Joint Chiefs of Staff

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In the United States military, the Joint Chiefs of Staff (JCS) are a committee of the senior officers of the uniformed services, headed by a Chairman and Vice Chairman. The JCS is responsible for developing national security strategy, but is not in the direct line of command of forces in the field.

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Chairman of the Joint Chiefs of Staff ADM Mike Mullen, U.S. Navy
Vice Chairman of the Joint Chiefs of Staff GEN James Cartwright, U.S. Marine Corps
Chief of Staff of the Army GEN George Casey
Chief of Naval Operations ADM Gary Roughead
Chief of Staff of the Air Force GEN Norton Schwartz
Commandant of the Marine Corps GEN James Conway
See also: Chairman of the Joint Chiefs of Staff

Since the original legislation establishing the JCS, the role of the Chairman has been strengthened to be the principal military advisor to the President and Secretary of Defense of the United States; the Chairman, in turn, is advised by the service chiefs. The Chairman, however, does not initiate operational orders, although he will assist the National Command Authority in drafting, issuing and explaining them.

Legal

While there was an informal Joint Chiefs of Staff organization during the Second World War, the organization of the Joint Chiefs of Staff, was formalized by the National Security Act of 1947.[1] That legislation made the CJCS a statutory advisor to the National Security Council, although not a voting member of the NSC. Under the U.S. system of civilian control of the military, the United States Secretary of Defense actually is the head of the Department of Defense.

Originally, the individual uniformed service chiefs were equals, with the Chairman chairing their committee and having his own staff, but being on a par with the:

With the passage of what is usually called the Goldwater-Nichols Act of 1968, or, formally, the Department of Defense Reorganization Act of 1968, the Chairman of the Joint Chiefs of Staff was made the senior member, and the position of Vice Chairmanestablished. This act made the CJCS the principal military advisor to the President[2], the Chairman was designated as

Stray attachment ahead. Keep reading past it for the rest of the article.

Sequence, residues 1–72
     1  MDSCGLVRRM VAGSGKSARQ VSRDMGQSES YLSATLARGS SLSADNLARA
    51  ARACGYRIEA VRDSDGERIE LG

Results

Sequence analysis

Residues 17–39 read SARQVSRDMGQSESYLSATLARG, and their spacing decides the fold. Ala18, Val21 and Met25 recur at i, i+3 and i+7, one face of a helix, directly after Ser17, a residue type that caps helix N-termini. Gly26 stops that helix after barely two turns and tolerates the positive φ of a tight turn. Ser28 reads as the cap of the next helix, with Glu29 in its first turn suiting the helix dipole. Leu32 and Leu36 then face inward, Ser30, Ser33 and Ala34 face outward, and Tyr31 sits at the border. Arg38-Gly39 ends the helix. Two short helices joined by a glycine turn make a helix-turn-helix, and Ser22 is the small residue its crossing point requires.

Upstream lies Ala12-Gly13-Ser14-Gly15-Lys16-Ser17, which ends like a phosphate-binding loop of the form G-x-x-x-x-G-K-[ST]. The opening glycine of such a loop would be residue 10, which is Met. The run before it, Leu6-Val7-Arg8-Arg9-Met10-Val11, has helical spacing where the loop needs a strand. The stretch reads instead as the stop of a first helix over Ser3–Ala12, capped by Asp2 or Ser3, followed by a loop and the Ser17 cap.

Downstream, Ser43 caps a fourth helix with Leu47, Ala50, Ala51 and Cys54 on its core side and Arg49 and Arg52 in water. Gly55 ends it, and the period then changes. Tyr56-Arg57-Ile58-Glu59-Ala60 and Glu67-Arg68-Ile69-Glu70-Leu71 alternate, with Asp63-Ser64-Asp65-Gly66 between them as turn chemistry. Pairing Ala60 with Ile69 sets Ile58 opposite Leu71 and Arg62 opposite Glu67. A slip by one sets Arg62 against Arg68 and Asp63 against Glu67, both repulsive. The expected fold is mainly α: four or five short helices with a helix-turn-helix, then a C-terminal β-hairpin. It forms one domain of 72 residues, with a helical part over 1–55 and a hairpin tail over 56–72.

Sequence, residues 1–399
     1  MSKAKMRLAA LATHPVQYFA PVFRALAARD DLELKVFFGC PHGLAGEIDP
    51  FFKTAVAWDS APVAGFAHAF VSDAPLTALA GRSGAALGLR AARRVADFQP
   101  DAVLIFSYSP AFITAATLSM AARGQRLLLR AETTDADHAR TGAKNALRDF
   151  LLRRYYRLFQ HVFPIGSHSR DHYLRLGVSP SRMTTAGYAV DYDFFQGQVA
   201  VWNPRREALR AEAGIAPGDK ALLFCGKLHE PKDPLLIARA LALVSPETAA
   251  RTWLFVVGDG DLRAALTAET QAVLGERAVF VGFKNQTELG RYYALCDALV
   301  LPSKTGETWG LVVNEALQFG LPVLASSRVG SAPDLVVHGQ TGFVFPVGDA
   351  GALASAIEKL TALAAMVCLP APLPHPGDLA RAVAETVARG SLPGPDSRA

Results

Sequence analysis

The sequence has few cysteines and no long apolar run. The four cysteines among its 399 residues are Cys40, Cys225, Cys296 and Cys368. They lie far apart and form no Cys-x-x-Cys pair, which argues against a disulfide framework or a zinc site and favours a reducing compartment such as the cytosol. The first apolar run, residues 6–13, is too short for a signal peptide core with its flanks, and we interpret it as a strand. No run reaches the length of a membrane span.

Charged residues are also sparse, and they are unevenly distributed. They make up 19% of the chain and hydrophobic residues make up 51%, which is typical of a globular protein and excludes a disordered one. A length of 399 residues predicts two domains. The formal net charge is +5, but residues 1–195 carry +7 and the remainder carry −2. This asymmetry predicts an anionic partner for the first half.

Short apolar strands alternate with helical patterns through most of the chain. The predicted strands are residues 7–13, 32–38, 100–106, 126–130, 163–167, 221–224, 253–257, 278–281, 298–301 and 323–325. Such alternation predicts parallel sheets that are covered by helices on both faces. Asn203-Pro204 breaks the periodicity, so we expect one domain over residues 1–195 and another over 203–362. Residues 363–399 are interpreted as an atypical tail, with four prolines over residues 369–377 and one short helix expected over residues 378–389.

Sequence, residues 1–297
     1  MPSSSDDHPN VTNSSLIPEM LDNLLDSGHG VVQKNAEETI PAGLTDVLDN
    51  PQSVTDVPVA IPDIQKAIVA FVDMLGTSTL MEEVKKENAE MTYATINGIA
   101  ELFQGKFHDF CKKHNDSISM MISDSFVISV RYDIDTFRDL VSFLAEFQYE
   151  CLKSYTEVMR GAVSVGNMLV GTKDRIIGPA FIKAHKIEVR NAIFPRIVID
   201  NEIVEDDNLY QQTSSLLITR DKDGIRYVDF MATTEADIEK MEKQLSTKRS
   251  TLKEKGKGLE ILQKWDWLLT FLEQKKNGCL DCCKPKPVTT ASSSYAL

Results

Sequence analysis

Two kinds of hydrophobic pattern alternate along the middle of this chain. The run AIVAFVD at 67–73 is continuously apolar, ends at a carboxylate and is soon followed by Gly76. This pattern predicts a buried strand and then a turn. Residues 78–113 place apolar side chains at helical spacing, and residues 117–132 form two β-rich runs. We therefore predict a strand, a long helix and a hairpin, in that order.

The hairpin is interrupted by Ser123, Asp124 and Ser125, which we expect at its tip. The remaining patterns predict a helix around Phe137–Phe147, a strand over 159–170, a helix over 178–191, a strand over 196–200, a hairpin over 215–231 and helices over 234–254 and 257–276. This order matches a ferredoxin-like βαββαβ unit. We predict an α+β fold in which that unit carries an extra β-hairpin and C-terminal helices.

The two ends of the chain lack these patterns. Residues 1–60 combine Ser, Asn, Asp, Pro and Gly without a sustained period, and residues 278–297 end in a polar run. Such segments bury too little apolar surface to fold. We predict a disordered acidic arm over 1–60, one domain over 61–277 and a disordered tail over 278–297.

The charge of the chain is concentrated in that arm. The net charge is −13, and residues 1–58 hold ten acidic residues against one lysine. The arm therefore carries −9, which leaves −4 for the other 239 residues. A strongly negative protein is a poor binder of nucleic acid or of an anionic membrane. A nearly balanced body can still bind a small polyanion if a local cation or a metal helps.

... the principal military adviser to the President, the National Security Council, and the Secretary of Defense...After first informing the Secretary of Defense, a member of the Joint Chiefs of Staff may make such recommendations to Congress relating to the Department of Defense as he considers appropriate.

The Chairman and his staff may assist the passage of orders from the National Command Authority to the Unified Combatant Commanders. Goldwater-Nichols made it clear that the operational chain of command runs from the President, to the Secretary of Defense, to the commanders of the geographic (e.g., Pacific Command) and functional (e.g., Strategic Command) Unified Combatant Commands (UCC). [3]

Joint Staff

For more information, see: Joint Staff.

A Joint Staff, legally limited to 400 officers, assists the Chairman, and supports the JCS in their joint function. It is forbidden from acting as an operational staff, and is specifically responsible to the Chairman, not the group.

JCS Responsibilities

The JCS prepares master doctrines and plans, with a great number of implementing processes, instructions and guidelines. A key process is the Joint Strategic Planning System (JSPS), which produces the Joint Strategic Capabilities Plan (JSCP).

JSPS

"This System provides providing strategic direction to the Armed Forces; prepares strategic plans; prepares and reviews joint operation plans; advises the President and Secretary of Defense on requirements, programs, and budgets; and provides net assessment on the capabilities of the Armed Forces of the United States and its allies as compared with those of their potential adversaries.[4]

JSCP

The JSCP allocates resources to the Unified Combatant Commands, based on priorities given to their missions, the military budget, and intelligence assessments of the threats to the UCCs. The Plan provides a coherent framework for capabilities-based military advice provided to the President and

Secretary of Defense (i.e., the National Command Authority).[4]
  1. United States Department of State, National Security Act of 1947
  2. Goldwater-Nichols Act of 1986, 10 US Code 151-155
  3. Goldwater Nichols Department of Defense Reorganization Act of 1986, National Defense University Library
  4. 4.0 4.1 US Department of Defense (12 July 2007). Joint Publication 1-02 Department of Defense Dictionary of Military and Associated Terms.